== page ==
A new Congressional report exposes ongoing abuses by pharmaceutical companies that seek to cover up the effects of high drug prices by financing co-pay foundations. On December 10, 2021, the United States House of Representatives Committee on Oversight and Reform issued a lengthy report on drug pricing. The report includes detailed findings on how “[d]rug companies often highlight the generosity of their patient assistance programs,” when in fact the companies use their support of co-pay foundations to drive up drug prices at the expense of American taxpayers and the U.S. health care system.
The report included the following notable findings:
- From 2008 to 2017, Teva paid hundreds of millions of dollars to co-pay foundations to subsidize the high and ever-increasing price of Copaxone, referring to those expenditures as an “investment” for future returns. According to the report, in considering its funding of co-pay foundations for 2018, Teva recognized that eliminating that funding “would cost Teva up to $261 million in Copaxone sales.”
- The largest co-pay foundation, Patient Assistance Network Foundation (PANF), pitched Abbvie, the maker of Humira, for more funding by asserting that financing of PANF would make patients “much more likely to start and stay on treatment” [i.e., Humira].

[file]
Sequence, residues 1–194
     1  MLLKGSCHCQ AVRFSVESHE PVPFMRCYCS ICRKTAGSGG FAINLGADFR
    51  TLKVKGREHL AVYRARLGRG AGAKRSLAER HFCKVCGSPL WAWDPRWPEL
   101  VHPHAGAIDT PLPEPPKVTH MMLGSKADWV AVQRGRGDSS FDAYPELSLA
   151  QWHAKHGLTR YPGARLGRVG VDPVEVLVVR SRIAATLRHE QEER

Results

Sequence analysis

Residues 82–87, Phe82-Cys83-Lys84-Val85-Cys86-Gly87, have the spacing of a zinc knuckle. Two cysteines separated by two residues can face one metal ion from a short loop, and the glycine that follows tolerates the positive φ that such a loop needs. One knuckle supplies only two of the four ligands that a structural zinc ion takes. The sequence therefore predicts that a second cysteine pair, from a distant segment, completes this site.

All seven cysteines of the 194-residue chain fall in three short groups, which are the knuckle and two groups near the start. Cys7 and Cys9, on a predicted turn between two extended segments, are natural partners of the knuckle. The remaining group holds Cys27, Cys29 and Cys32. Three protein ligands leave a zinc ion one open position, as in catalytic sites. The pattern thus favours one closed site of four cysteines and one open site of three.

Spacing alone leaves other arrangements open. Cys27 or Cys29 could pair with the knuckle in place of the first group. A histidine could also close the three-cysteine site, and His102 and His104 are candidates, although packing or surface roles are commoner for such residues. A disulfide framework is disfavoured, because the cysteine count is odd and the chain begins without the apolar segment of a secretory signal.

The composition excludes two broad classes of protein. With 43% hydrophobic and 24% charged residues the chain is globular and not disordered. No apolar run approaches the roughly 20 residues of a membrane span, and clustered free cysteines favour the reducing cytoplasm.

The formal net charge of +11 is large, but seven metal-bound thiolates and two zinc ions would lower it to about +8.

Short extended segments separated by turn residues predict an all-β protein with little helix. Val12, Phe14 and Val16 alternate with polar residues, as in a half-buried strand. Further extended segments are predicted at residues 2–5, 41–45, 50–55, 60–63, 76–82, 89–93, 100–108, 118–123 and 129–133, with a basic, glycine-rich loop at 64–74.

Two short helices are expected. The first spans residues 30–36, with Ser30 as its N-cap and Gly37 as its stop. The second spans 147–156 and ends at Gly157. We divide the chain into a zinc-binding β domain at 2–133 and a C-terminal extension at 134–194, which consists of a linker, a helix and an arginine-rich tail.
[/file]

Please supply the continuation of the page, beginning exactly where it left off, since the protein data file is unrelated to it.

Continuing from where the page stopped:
- Among the “investment[s]” Johnson & Johnson planned to make in 2017 and 2018 to “maximize IMBRUVICA” sales growth” was tens of millions of dollars in payments to co-pay foundations.
The House report concludes notes that “[t]hese [co-pay] programs allow the companies to generate higher revenues by maintaining demand while raising prices. Although these programs defray some patients’ out-of-pocket costs, the overall cost to the health care system increases due to price increases.”
While the report does not explicitly address the role of whistleblowers in exposing pharmaceutical companies’ illegal use of supposedly “charitable” co-pay foundations for business purposes, the report suggests that the illegal behavior continues and is ripe for False Claims Act qui tam cases by whistleblowers.